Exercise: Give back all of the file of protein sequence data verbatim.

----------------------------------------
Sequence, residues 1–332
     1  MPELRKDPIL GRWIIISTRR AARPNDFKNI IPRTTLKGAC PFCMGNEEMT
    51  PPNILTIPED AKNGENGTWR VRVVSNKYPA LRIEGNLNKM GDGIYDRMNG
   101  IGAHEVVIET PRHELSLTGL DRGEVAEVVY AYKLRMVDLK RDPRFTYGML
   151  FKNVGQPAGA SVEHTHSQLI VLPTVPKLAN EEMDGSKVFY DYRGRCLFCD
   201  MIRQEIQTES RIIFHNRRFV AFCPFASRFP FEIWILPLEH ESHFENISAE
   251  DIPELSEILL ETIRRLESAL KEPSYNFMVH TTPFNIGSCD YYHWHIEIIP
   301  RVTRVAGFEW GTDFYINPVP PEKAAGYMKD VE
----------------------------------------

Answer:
Sequence, residues 1–332
     1  MPELRKDPIL GRWIIISTRR AARPNDFKNI IPRTTLKGAC PFCMGNEEMT
    51  PPNILTIPED AKNGENGTWR VRVVSNKYPA LRIEGNLNKM GDGIYDRMNG
   101  IGAHEVVIET PRHELSLTGL DRGEVAEVVY AYKLRMVDLK RDPRFTYGML
   151  FKNVGQPAGA SVEHTHSQLI VLPTVPKLAN EEMDGSKVFY DYRGRCLFCD
   201  MIRQEIQTES RIIFHNRRFV AFCPFASRFP FEIWILPLEH ESHFENISAE
   251  DIPELSEILL ETIRRLESAL KEPSYNFMVH TTPFNIGSCD YYHWHIEIIP
   301  RVTRVAGFEW GTDFYINPVP PEKAAGYMKD VE